As you probably already know the capo allows you to change keys without having to learn chords and note positions associated with the new key.
For example, if a song is being played in the key of B you can either learn that key, (yuk!) or you can put a capo on fret 4 and play as though you are in the key of G.
One of the main problems is that this confuses your perception of the fretboard. What you understand as an A (fret 5) on the E string starts looking like a G when you put a capo on fret 2.
That may not matter to you, but it can be disorienting to say the least.
The other problem I see is that it is difficult to figure out the best position when you’re playing live with other musicians.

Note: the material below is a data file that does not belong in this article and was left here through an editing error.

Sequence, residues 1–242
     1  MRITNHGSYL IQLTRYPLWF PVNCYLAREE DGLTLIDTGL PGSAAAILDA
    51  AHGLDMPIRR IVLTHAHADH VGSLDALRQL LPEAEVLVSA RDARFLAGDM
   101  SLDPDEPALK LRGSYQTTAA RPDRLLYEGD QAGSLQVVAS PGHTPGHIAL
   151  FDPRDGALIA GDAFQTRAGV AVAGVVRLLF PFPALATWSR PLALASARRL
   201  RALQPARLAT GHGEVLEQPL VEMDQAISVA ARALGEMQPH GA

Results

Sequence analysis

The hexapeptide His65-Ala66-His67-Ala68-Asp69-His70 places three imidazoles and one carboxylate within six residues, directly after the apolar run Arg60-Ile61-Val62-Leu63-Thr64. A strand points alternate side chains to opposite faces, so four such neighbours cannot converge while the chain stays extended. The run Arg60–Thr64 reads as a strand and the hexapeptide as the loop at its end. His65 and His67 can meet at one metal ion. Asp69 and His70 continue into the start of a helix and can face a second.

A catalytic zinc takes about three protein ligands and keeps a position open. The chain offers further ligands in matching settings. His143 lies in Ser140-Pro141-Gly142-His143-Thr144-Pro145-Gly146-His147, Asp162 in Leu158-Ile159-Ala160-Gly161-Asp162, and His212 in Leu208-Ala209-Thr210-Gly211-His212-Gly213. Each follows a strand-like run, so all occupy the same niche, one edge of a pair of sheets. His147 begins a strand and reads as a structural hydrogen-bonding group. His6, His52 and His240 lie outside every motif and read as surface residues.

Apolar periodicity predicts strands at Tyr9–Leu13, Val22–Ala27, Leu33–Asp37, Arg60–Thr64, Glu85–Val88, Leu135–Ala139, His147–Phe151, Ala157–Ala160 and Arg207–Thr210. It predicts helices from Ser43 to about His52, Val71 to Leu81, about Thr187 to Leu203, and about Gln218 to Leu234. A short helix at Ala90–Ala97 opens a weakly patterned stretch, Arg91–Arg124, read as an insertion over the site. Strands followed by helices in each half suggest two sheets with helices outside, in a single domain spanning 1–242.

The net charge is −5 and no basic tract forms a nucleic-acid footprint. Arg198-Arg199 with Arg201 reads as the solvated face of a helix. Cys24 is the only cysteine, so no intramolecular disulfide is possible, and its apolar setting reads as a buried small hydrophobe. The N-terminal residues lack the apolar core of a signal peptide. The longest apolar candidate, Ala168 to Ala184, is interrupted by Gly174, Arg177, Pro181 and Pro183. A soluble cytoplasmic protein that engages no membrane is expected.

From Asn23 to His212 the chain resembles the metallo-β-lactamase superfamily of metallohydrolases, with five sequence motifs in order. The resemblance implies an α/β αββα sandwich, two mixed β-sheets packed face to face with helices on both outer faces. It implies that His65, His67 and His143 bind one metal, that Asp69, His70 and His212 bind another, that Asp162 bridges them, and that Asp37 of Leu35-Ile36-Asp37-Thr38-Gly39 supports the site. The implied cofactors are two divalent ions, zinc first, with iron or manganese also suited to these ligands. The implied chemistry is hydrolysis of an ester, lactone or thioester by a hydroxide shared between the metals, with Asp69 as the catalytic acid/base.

I remember being at a ceilidh in PEI where a guest guitarist/singer was having difficulty playing along with the house band. She obviously was not used to this situation.
I could feel her pain as she struggled to find the appropriate capo position. Finding the right setting would have been a matter of luck, because there are just so many possibilities. It is difficult to know where to begin when the pressure is on.
I think there is a solution that makes the capo a much more useful piece of equipment. I’ll try to explain in my next post.